Exciting, impressive and skilful: they’re all adjectives some of the AFL’s best players are using to described elite women’s football.
The AFL will launch a national women’s league next season, with eight clubs this week granted licences to field teams in the 2017 competition.
Women’s football pioneers Melbourne and the Western Bulldogs were both given the nod, along with traditional Victorian rivals Carlton and Collingwood. Greater Western Sydney, Fremantle, Brisbane and Adelaide will also be represented.
It is expected that each team will be allowed to recruit two marquee players, with a national draft to take place in October. The league is set to start in February, with the format and rules still to be decided. The end of the first season of the new league could coincide with round one of the AFL season.
In the meantime the game’s leading women footballers are playing in a series of exhibition matches this season, with the next major game scheduled for September 3 when the Western Bulldogs play Melbourne in the Hampson-Hardeman Cup.
AFL chairman Mike Fitzpatrick described the advent of the new league as a “defining moment in the history of Australian football” and said the number of female footballers playing the game had doubled over the past five years.
“Our game will never be the same.”
– AFL chairman Mike Fitzpatrick
“Our game will never be the same,” Fitzpatrick said.
Melbourne skipper Nathan Jones said he had made a habit of making his way to the top of the players’ race to cast an eye over the action whenever the women played in the AFL curtain-raiser.
“I’ve seen live at least a quarter or a half of each one of the exhibition matches, the ones that were played before our games, and it’s pretty exciting to watch,’’ Jones said. “Some of the stuff the women do is just as impressive as the guys – the high-flying marks, and geez they hit hard.’’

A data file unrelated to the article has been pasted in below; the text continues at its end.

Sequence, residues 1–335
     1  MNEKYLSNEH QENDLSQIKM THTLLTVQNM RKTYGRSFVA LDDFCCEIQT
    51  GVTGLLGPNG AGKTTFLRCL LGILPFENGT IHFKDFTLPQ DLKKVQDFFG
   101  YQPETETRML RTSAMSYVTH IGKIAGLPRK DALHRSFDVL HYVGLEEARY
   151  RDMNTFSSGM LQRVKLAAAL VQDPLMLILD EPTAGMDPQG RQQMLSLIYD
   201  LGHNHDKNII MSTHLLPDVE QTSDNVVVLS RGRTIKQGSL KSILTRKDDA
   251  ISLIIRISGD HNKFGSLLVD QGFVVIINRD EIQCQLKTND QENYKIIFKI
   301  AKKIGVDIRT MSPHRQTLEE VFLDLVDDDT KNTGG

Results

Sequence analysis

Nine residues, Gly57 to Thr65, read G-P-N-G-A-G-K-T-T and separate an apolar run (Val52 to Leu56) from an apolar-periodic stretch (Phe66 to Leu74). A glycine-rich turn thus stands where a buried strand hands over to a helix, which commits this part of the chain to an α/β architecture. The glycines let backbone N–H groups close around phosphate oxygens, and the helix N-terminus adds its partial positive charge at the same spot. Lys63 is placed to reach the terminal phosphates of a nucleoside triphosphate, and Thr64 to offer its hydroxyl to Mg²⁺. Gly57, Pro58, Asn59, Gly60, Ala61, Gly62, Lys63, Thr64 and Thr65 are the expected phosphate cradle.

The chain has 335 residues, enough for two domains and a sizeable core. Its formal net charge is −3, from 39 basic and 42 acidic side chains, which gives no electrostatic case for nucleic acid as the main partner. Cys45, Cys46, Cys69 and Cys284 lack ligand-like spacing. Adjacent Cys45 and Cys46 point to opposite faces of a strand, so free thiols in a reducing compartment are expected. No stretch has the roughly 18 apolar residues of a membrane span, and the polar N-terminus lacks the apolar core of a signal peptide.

It is a sentiment echoed by several other AFL captains.
Geelong skipper Joel Selwood described the standard of the women’s matches as “impressive’’.
“These women are not just average competitors; they tackle hard, they jump at the footy and kick it well,’’ Selwood said. “Everything that you want to see is in those games and you can’t help but be impressed by it.’’
Injured Bulldogs champion Bob Murphy is a huge fan.
“One of the things we talk about around the club is ‘one club, three teams’ (AFL, VFL and women) and I’m a real believer in that,” Murphy said.
“The guys were elbowing each other in the ribs saying ‘have a look at these girls play’.” – Bob Murphy
“From the first game between the Bulldogs and Melbourne a few years ago, through to where it got to last season, we were blown away by the improvement.
“We were in the race before our game, curious to have a bit of a look, and guys were elbowing each other in the ribs saying ‘have a look at these girls play’ and commenting about how much they’d improved in such a short time. And the crowd was so into it, it was undeniable.’’
North Melbourne’s Andrew Swallow said the Roos players were excited by the prospect of a professional women’s league.
“It’s exciting,’’ Swallow said. “There’s been a really big push over the past few years to promote women in sport and for female footballers to have their own league is not only exciting for them, it’s great for the game.
“Australian football already feels unique in that it engages such a high percentage of the female population as supporters, so the logical extension of that seems to be the involvement in playing.
“I’ll be really interested to see how they go. To see which players can really stand out with their skill level.’’
Selwood said a women’s AFL competition was ”a great concept’’, while Murphy suggested “it can only be good for the game’’.
Thirteen AFL clubs applied for a licence and the league said that those who missed out – Geelong, North Melbourne, Richmond, St Kilda and West Coast – had been given provisional licences and as well as direction about being prepared should additional licences become available in 2018.